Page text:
New Director of the Native Nations Climate Adaptation Program Announced

Feb. 28, 2019

University of Arizona Associate Professor & Extension Specialist Karletta Chief is the new Director of the Native Nations Climate Adaptation Program (NNCAP). This program, hosted within the Institute of the Environment at the University of Arizona, was established through a partnership between the Agnese Nelms Haury Program in Environment and Social Justice, the Southwest Climate Adaptation Science Center, and the Center for Climate Adaptation Science and Solutions. The purpose of NNCAP is to support on-the-ground climate adaptation efforts, working collaboratively with tribes in the Southwestern US.

Dr. Chief brings a wealth of experience to this position. She has a PhD from UA in Hydrology and Water Resources, and a BS and MS from Stanford University in Civil and Environmental Engineering. Dr. Chief research focuses on how indigenous communities will be affected by climate change. Her primary tribal climate change projects are with the Pyramid Lake Paiute Tribe (link) and the Navajo Nation. Dr. Chief is a member of a national network of indigenous and non-indigenous scientists focusing on climate change impacts to indigenous peoples. Dr. Chief is part of the Native Waters on Arid Lands Project, a five-year (2015-2020) project that partners researchers and extension experts with tribal communities in the Great Basin and American Southwest to collaboratively understand the impacts of climate change, and to evaluate adaptation options for sustaining water resources and agriculture (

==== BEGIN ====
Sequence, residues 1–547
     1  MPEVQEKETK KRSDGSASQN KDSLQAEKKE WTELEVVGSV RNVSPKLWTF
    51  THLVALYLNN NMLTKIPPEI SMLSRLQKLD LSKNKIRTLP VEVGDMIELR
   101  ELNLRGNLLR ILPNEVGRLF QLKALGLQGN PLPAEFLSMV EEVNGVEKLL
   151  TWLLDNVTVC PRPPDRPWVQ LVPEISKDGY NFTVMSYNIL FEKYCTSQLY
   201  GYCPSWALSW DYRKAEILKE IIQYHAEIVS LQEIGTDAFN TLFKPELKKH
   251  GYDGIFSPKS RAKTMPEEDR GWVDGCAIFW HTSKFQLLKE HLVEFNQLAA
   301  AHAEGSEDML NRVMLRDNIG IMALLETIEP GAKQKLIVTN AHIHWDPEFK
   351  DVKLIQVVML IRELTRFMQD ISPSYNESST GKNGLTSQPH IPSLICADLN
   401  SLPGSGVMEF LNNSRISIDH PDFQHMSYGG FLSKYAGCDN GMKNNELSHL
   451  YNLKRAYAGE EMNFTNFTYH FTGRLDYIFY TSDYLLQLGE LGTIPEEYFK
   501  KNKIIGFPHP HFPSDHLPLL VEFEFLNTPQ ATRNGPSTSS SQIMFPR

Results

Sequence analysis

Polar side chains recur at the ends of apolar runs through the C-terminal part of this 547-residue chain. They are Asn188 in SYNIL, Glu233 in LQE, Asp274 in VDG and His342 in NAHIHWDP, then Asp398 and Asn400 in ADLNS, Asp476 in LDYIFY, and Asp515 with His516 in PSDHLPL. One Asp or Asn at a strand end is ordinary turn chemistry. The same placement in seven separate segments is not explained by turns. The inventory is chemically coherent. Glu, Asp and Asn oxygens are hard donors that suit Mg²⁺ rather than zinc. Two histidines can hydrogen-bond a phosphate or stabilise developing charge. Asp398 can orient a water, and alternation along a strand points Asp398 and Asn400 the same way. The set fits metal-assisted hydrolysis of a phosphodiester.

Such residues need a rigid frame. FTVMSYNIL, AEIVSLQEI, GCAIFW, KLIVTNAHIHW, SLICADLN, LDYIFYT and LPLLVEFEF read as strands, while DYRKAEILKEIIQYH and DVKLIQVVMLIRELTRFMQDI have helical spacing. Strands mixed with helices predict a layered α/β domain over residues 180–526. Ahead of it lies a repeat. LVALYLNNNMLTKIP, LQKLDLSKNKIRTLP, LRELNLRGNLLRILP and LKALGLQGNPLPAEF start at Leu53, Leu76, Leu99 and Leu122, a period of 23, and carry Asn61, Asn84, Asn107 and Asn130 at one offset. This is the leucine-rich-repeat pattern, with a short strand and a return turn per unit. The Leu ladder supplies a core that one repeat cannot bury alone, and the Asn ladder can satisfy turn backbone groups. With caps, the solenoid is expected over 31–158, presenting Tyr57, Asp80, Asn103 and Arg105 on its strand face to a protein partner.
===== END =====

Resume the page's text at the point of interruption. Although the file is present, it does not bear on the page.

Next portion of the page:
Dr. Chief co-authored several publications in the Special Issue of Climatic Change entitled “Climate Change and Indigenous Peoples in the United States: Impacts, Experiences, and Actions” and Forest Conservation in the Anthroprocene. Dr. Chief is a member of the Indigenous People Climate Change Working Group, Rising Voices, and Climate and Traditional Knowledges Working Group with a focus on climate impacts to tribal waters. She co-authored a Tribes Chapter in the Southwest Climate Assessment Report ( in 2013 and provisional guidelines for considering traditional knowledges in climate change initiatives ( in 2014. Dr. Chief is also the lead PI for a new NSF training track at the UA called Indigenous Food, Energy, Water Security and Sovereignty. In January 2019, she received a grant from UA Cooperative Extension to work on Climate Change Adaptation on the Navajo Nation.

Dr. Chief has received a number of awards, including the 2010 “Most Promising Engineer/Scientist of the Year” award from the American Indian Science and Engineering Society and 2015 Native American 40 Under 40 Award. NNCAP has completed a number of projects since its inception, including an assessment of tribal needs for support relative to adaptation and mitigation efforts; a national Tribal Leaders’ Summit on Climate Adaptation; and development of climate profiles and adaptation planning support for several tribes in the Southwest.



2015 Indigenous Perspectives on Sustainable Water Practices

Climate Change Vulnerability of Native Americans in the Southwest

Gold King Mine Spill

Indigenous Food, Energy, and Water Security and Sovereignty

Dr. Chief on Science Friday